Strikes are capable of exempting airlines from paying compensation for cancelled flights, but industrial action over pay or conditions will not generally involve ‘extraordinary circumstances’, the Court of Appeal has ruled.
In Civil Aviation Authority v Ryanair DAC, the court held that Ryanair must pay compensation for flights cancelled in 2018 as a result of strike action by the airline’s employees.
EU Regulation 261/2004 entitles passengers whose flights are cancelled to compensation of up to €600 (£500), unless the cancellations are caused by ‘extraordinary circumstances’.
Ryanair argued that the strikes amounted to extraordinary circumstances, but the Civil Aviation Authority applied for an enforcement order which was granted by the High Court last year. The airline took the case to the Court of Appeal, which dismissed its appeal this week.
Giving the court’s judgment, Lord Justice Newey said: ‘Plainly, strikes are capable of amounting to “extraordinary circumstances”.’ He added: ‘It may well be … that a sympathy strike whose aims were wholly unrelated to the strikers’ employer’s activities would also constitute “extraordinary circumstances”.'
The judge also said that a strike where staff sought to have flights ‘re-routed in response to a terrorist threat would represent “extraordinary circumstances”’.
‘Absent, however, the involvement of an external factor such as terrorism, it seems to me that a strike concerning the pay or employment conditions of employees of an air carrier will not involve “extraordinary circumstances”,’ Newey said.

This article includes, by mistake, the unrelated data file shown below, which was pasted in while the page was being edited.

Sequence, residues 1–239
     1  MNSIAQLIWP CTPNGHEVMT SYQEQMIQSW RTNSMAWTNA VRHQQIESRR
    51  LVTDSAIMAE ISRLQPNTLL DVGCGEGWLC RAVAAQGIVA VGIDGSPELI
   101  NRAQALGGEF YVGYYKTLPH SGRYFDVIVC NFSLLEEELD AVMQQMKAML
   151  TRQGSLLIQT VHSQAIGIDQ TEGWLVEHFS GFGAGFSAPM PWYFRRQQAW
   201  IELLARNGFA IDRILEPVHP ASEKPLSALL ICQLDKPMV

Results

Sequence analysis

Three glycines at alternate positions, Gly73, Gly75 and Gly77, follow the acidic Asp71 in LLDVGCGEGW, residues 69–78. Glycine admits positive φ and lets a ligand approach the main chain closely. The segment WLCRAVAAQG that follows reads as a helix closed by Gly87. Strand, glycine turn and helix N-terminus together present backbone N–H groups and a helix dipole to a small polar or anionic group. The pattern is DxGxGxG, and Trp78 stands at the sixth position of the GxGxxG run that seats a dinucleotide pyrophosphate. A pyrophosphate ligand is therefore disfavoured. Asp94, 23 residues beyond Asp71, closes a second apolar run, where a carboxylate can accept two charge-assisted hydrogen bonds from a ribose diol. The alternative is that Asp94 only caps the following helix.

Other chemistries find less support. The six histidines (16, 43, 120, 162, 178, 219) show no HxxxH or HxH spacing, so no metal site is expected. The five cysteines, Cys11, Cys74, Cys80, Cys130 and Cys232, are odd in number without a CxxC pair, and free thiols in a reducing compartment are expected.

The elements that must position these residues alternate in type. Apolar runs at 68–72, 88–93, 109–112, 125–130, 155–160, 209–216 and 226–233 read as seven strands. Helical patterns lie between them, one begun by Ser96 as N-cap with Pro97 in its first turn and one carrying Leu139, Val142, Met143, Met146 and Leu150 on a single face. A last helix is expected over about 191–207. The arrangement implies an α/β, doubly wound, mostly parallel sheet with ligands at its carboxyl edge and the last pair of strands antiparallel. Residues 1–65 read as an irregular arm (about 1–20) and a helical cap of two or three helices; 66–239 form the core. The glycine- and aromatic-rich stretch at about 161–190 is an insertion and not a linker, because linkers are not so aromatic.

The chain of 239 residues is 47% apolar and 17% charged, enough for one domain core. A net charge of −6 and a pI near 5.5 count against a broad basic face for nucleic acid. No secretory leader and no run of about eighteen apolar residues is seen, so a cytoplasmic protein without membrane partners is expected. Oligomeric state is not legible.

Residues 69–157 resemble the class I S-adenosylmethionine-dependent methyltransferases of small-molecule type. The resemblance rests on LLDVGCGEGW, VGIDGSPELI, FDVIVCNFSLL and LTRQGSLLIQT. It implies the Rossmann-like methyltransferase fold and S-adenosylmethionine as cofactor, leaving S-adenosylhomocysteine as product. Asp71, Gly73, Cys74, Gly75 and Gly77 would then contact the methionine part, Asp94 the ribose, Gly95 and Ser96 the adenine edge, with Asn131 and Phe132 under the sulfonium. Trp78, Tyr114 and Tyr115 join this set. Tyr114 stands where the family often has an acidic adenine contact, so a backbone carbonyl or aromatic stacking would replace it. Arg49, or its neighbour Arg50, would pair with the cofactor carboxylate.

The judge said the possibility of disagreements and even strikes in relation to pay and employment conditions is ‘inherent in running the business of an air carrier and so a strike about pay or employment conditions will not be “extraordinary circumstances” regardless of whether the employees’ demands are seen as reasonable or achievable’. ‘The fact that employees are represented by a trade union will make no difference,’ Newey also said.
He added: ‘The regulation would not afford passengers the high level of protection intended if an airline could escape paying compensation on the basis that a strike which had caused a cancellation had arisen from an unreasonable demand by or on behalf of its staff.’
A spokesperson for Ryanair said the airline has instructed its lawyers to seek permission to appeal.